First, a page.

A Simulator and First Reinforcement Learning Results for Underwater Mapping
1.1. Related Work
1.2. Open Issues and Contribution
1.3. Structure of the Paper
- Environment: The map is represented as a grid. The map is loaded and created from a heat map image, where the temperature is the height of the environment. When creating the environment, the length, width and height of the grid are passed as arguments. Some of the areas can be marked as litter. The 3D map then contains the following information: , and (Figure 1). A reduced-complexity 2.5D representation is also created, consisting of two matrices. One of these matrices, denoted by , stores the seafloor height for every 2D coordinate i, j. The other, denoted by m, is labeled with litter. The ground truth litter map is defined as follows: and . After the 3D and 2.5D representations are created, the agent can be placed at any position in the environment.
- Map representation: The real map must be differentiated from the beliefs about the map. This difference is caused by limited range and errors in the sensor, see the sensor model below. In particular, the sensor can give different measurement outputs when measuring the same object from the same or a different pose. The recovery of a spatial world model from sensor data is best modeled as an estimation theory problem.
- Robot state: The pose of the agent consists of a vector that stores the position of the agent and a rotation matrix that stores the attitude of the agent relative to the world coordinates.
- Action and transitions: The translation actions are performed in the agent’s coordinates. Before the agent performs an action, a check is made to see if the action is legal, i.e., whether the action would cause the agent to leave the environment or bump against the bottom. If the action is illegal, a collision signal is sent. The actions are defined here as follows:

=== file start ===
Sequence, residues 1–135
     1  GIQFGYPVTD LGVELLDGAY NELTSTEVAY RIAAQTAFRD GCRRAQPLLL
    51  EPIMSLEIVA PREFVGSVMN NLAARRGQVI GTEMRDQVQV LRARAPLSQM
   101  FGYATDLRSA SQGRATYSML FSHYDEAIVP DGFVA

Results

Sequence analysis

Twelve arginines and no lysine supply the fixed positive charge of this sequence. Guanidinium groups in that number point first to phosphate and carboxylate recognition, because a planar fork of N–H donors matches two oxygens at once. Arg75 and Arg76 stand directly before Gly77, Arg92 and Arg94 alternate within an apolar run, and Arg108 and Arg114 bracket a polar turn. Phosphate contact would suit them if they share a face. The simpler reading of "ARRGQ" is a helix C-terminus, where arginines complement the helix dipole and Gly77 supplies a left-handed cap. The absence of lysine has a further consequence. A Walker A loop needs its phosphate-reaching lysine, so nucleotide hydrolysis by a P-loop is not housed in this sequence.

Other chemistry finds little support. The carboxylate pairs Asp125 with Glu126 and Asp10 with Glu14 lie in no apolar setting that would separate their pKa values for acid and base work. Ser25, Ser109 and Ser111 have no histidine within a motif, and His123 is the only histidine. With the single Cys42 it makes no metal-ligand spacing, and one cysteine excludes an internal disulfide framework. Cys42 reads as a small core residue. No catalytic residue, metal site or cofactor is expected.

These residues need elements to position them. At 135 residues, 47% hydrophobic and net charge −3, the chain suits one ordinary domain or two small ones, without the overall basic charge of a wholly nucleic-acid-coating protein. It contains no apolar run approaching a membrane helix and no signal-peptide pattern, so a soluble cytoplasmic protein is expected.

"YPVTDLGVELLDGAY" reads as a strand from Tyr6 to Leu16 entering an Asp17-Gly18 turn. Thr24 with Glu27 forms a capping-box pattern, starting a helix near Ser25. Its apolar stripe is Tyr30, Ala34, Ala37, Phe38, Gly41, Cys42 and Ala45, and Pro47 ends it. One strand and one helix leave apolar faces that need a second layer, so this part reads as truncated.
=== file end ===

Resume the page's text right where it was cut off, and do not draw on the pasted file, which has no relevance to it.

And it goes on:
- Translate: forward, backward, left, right, up and down.
- Rotate: clock wise or counter clock wise around each axis.
- Sensor model: The sensor model is based on a multi-beam sonar where an overall angle is covered by the angles of the combined K beams. Every beam has an opening angle , and this opening angle is represented by L rays, see Figure 3.
- Simulated sensor and map updates: To read the sensor data the simulator checks if in the agent’s sensor range the voxels are occupied. A distance variable is defined in the ray’s z coordinate, which is increased in a loop with a step of voxels until the maximum sensor range is reached. The sensor rotation matrix from the 4D array, , is multiplied with a vector to check if, at the current position along the ray, the voxel is occupied; if not, is increased. This continues in a loop until the sensor range is reached.
- Speed of the simulator: The main motivation to build the simulator was speed. Figure 5 shows the dependency of the speed on the amount of rays and on the map size. In this figure, u is 3, and the ray length/range is 11. The tests were performed while choosing random agent actions, on a computer running Ubuntu 20.04 and having an Intel Core i7-8565U CPU and 16GiB RAM. The smallest speed is around 100 steps per second, which means 10,000 s (about 3 h) are needed to simulate one million samples. This is acceptable for DRL.
3. Background on DRL
- Deep reinforcement learning uses deep neural networks (deep NNs) to estimate the Q values. Denote by the parameters of the NN and by the corresponding approximate Q-value function. In the case of the DDDQN  and Rainbow  algorithms that will be used, two networks are employed. The reason is that taking an action with the highest noisy Q-value in the maximum application within the TD, using the “normal” parameters , would lead to overestimation of the Q-Values. To solve this, the algorithms compute the maximum in the TD using another set of parameters , which give the so-called target network :
4. Application of DRL to Underwater Mapping
- State: The state s of the agent is a tuple composed of the pose , the belief , the entropy and the height :
- The state is normalized between −1 and 1 to help the neural network learn. To do so the pose is split into (position) and (rotation):
- Actions: The actions are those defined in the robot model of Section 2.
- Reward: The goal of the agent is to find the litter as fast as possible. In general, rewards can be defined based on the belief and the entropy of the map. To help the agent learn, rewards are provided both for finding litter and for exploring the map.
- Entropy-dependent exploration: In this environment, states are similar at the beginning, e.g., for the first state of the trajectories, the entropy and belief are similar (uniform belief with high entropy). As the trajectories of the agent get longer and it discovers more of the map at various locations, the states become more unique. This poses an exploration problem. For this reason, instead of only exploring at the beginning and decreasing the linearly as in traditional DRL , exploration is also made dependent on the entropy left on the map: